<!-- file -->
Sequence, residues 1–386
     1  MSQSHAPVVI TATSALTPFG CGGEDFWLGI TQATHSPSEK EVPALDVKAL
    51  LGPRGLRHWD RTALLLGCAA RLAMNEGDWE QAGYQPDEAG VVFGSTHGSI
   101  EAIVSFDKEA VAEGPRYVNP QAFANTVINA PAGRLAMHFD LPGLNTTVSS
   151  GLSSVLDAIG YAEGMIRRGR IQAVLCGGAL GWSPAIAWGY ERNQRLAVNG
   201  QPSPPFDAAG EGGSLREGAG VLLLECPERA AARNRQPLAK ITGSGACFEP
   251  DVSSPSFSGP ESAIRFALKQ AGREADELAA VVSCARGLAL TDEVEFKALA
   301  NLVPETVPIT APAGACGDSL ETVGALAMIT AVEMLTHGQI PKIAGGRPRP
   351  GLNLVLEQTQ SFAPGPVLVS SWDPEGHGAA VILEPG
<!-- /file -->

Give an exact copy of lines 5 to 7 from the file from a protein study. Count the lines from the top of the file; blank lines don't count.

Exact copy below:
   151  GLSSVLDAIG YAEGMIRRGR IQAVLCGGAL GWSPAIAWGY ERNQRLAVNG
   201  QPSPPFDAAG EGGSLREGAG VLLLECPERA AARNRQPLAK ITGSGACFEP
   251  DVSSPSFSGP ESAIRFALKQ AGREADELAA VVSCARGLAL TDEVEFKALA